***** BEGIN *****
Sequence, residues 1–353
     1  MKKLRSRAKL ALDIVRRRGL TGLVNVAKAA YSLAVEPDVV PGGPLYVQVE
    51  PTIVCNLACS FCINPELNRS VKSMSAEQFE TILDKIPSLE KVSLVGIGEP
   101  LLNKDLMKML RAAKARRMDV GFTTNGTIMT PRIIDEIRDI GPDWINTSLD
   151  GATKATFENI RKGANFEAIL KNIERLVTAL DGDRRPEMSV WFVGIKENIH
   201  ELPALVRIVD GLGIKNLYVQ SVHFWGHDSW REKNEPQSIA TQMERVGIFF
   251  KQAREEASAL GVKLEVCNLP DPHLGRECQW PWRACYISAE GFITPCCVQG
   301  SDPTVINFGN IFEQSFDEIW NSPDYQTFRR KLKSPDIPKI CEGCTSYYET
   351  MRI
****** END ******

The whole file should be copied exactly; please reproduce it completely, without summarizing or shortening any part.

Sequence, residues 1–353
     1  MKKLRSRAKL ALDIVRRRGL TGLVNVAKAA YSLAVEPDVV PGGPLYVQVE
    51  PTIVCNLACS FCINPELNRS VKSMSAEQFE TILDKIPSLE KVSLVGIGEP
   101  LLNKDLMKML RAAKARRMDV GFTTNGTIMT PRIIDEIRDI GPDWINTSLD
   151  GATKATFENI RKGANFEAIL KNIERLVTAL DGDRRPEMSV WFVGIKENIH
   201  ELPALVRIVD GLGIKNLYVQ SVHFWGHDSW REKNEPQSIA TQMERVGIFF
   251  KQAREEASAL GVKLEVCNLP DPHLGRECQW PWRACYISAE GFITPCCVQG
   301  SDPTVINFGN IFEQSFDEIW NSPDYQTFRR KLKSPDIPKI CEGCTSYYET
   351  MRI